|Having been watted out the previous day, we decided to see something completely different today. It's not often you get a chance to see a sculpture park like none other in the world. I haven't been all over the world but I still find it hard to believe that this could exist someplace else.
Already I've fooled you. An earlier version of this mystical array of concrete sculptures exists in Laos, just outside Vientiane. But after the end of the Vietnam war and the exodus of Laotians not fond of the communists, a certain sculpture by the name of Luang Pu Boun Leur Saurirat fled Laos and took up refuge just outside of Nong Khai. And this was born the Sala Kaew Ku Sculpture Park.
On the representation map we had, the park looked to be within walking distance from town. This was one of the few times I was glad we took a tuk tuk. It would have been a long walk. And the park would have been worth it if we had to walk twice the distance.
The sculptures were small, medium, big and gigantic.
There were mythological creatures and fantastical representations of Buddhists doctrines. And this just wasn't one or two concrete sculptures and then call it a day. He had some figures that were a hundred feet high or more. And the entire sculpture was detailed from toe to crown. Nothing monolithic here.
The sculpture of the towering snake was unworldly, pun intended. The tongues of the snake dangled ten, twenty feet out of the jaws.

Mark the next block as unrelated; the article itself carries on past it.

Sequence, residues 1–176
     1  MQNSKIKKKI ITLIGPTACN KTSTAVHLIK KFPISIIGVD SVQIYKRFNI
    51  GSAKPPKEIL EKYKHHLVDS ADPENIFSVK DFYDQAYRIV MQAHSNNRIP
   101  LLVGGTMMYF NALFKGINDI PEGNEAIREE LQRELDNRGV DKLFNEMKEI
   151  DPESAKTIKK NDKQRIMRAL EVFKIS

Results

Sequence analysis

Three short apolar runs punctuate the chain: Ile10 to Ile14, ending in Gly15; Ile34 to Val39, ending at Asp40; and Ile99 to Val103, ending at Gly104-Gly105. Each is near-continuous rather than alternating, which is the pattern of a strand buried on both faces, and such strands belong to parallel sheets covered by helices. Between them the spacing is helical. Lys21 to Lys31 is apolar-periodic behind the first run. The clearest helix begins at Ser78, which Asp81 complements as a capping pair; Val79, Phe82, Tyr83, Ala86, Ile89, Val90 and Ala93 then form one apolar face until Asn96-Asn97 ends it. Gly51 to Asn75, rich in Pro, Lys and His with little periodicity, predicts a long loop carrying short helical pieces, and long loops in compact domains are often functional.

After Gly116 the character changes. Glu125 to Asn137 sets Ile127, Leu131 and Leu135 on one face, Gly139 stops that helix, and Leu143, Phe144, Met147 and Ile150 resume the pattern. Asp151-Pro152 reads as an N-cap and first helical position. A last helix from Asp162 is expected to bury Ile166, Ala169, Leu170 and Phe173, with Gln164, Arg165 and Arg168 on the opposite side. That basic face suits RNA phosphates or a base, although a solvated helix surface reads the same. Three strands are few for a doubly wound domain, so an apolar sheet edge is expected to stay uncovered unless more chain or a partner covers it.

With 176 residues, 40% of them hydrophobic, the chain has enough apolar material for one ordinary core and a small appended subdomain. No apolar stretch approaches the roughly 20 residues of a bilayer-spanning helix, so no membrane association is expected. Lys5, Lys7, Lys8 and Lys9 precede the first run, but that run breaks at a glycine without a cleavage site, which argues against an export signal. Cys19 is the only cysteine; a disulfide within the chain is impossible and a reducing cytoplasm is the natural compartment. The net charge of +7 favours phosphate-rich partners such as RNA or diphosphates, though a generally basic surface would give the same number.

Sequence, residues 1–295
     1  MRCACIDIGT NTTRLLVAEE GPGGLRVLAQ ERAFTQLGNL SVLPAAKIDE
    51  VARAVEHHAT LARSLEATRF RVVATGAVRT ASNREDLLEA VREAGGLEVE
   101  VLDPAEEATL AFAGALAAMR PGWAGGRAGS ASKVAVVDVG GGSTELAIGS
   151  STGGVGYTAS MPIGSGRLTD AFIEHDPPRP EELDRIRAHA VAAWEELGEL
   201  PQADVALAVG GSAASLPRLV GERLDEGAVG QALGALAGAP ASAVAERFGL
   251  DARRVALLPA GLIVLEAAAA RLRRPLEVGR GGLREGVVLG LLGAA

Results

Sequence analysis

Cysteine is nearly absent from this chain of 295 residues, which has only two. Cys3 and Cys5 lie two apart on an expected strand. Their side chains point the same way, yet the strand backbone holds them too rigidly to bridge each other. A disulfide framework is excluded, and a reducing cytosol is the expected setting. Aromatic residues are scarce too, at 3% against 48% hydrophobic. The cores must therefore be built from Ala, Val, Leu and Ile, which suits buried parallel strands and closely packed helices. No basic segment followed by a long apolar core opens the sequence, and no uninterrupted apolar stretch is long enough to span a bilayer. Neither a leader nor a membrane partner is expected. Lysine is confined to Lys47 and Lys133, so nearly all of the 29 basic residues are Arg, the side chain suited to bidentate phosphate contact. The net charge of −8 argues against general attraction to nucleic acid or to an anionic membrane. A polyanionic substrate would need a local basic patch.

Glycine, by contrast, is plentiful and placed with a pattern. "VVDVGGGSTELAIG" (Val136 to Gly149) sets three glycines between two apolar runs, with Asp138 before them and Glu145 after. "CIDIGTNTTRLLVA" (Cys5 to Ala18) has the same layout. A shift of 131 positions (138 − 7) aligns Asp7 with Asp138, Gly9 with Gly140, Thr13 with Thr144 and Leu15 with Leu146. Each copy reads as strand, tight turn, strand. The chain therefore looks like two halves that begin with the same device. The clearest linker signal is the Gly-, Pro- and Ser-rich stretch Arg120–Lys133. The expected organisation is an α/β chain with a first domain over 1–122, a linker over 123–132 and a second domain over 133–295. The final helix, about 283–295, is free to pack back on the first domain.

At mid body, sat a buddha in the folds of the snake that stretched to the ground and curled.
There were many smaller figures throughout the grounds including a garden with a multitude of representations of the stages of one's life.
Having seen the park I felt like I had done a good day of site seeing. Wats are everywhere, caves and rivers are everywhere, shopping is everywhere but where are you going to see something like this.
I spent part of the afternoon wandering around Nong Khai. There were more wats than I wanted so I returned to our guesthouse and hung out on the deck overlooking the Mekong River.
There was a fair amount of traffic going back and forth across the river. Just a couple hundred meters away was the main freight pier for Nong Khai. A steady stream of boxes and bundles was slid down the hill and packed away inside of boats. When water lapped at the rails it set off across stream and docked on the Laos side. On that side a steady stream of porters would put the boxes and bundles on their their heads and trudge up the hill to be deposited in know not what.
It was interesting that this wasn't done under the watchful eye of duty police. Don't know about the Laos side but there seemed to be a surfeit of authorities on the Thai side. And if this was Canada and the United States you can rest assured that the Americans would be taking note of everything and everyone that moved close to the border.
I watched small boats with one person inside, flit from one country to another.
The Americans would have drones out checking every aspect of that boat and its cargo. No way was an load of lemon grass getting into their country. But I digress again.
And in the evening we got to watch the sun set on the Mekong River. Would have helped to be a few months later when the point of setting was further north, but I'll take what I can get while we're here in this part of the world.